Call for bikeshed -- break replacement in expression switch

Alex Buckley alex.buckley at
Thu May 16 21:43:29 UTC 2019

On 5/16/2019 2:05 PM, Maurizio Cimadamore wrote:
> There are other contexts in which we limit what can be done w/r/t/
> parenthesized expressions (since these are ambiguous with cast to
> generic types). So this looks like another case where the grammar has to
> say - sorry no parens here.

If you're proposing to disallow a cast expression or a parenthesized 
expression after a `yield` token, then I think that's not right. The 
parsing of a `(` token has triggered potentially unbounded lookahead for 
some time [1][2], and everything worked out, so I don't see why the 
language should disallow any of John's examples:

yield (String)("answer is "+x);
yield ("answer is "+x).trim();
yield new String[]{ "answer is "+x }[0];
yield Arrays.asList("answer is "+x).get(0);
yield false ? 0 : ("answer is "+x).trim();


[1] See slides 9-11 from

[2] JLS 15.27 on the choice of `(...)` for lambda parameters :

The syntax has some parsing challenges. The Java programming language 
has always required arbitrary lookahead to distinguish between types and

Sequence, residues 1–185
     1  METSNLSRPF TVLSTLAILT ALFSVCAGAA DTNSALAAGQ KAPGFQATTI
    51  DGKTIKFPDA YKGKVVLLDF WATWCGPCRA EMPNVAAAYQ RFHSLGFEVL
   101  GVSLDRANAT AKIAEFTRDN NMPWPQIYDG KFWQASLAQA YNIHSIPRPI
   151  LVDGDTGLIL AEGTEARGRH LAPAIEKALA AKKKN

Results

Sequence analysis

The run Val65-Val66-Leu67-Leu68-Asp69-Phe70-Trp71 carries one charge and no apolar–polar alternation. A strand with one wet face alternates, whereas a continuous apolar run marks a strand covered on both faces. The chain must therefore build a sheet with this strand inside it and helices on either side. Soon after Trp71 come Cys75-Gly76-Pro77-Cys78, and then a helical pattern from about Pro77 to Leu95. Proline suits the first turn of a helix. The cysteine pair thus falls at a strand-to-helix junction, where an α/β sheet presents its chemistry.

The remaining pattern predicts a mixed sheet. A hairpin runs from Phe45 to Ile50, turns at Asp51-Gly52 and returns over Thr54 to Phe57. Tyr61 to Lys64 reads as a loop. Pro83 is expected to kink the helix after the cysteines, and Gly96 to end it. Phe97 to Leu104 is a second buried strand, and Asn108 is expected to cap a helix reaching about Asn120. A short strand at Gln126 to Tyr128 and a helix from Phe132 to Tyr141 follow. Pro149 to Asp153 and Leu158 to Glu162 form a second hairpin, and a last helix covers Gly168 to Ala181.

expressions after a '(' token: what follows may be a cast or a 
parenthesized expression. This was made worse when generics reused the 
binary operators '<' and '>' in types. Lambda expressions introduce a 
new possibility: the tokens following '(' may describe a type, an 
expression, or a lambda parameter list. Some tokens immediately indicate 
a parameter list (annotations, final); in other cases there are certain 
patterns that must be interpreted as parameter lists (two names in a 
row, a ',' not nested inside of '<' and '>'); and sometimes, the 
decision cannot be made until a '->' is encountered after a ')'. The 
simplest way to think of how this might be efficiently parsed is with a 
state machine: each state represents a subset of possible 
interpretations (type, expression, or parameters), and when the machine 
transitions to a state in which the set is a singleton, the parser knows 
which case it is. This does not map very elegantly to a fixed-lookahead 
grammar, however.

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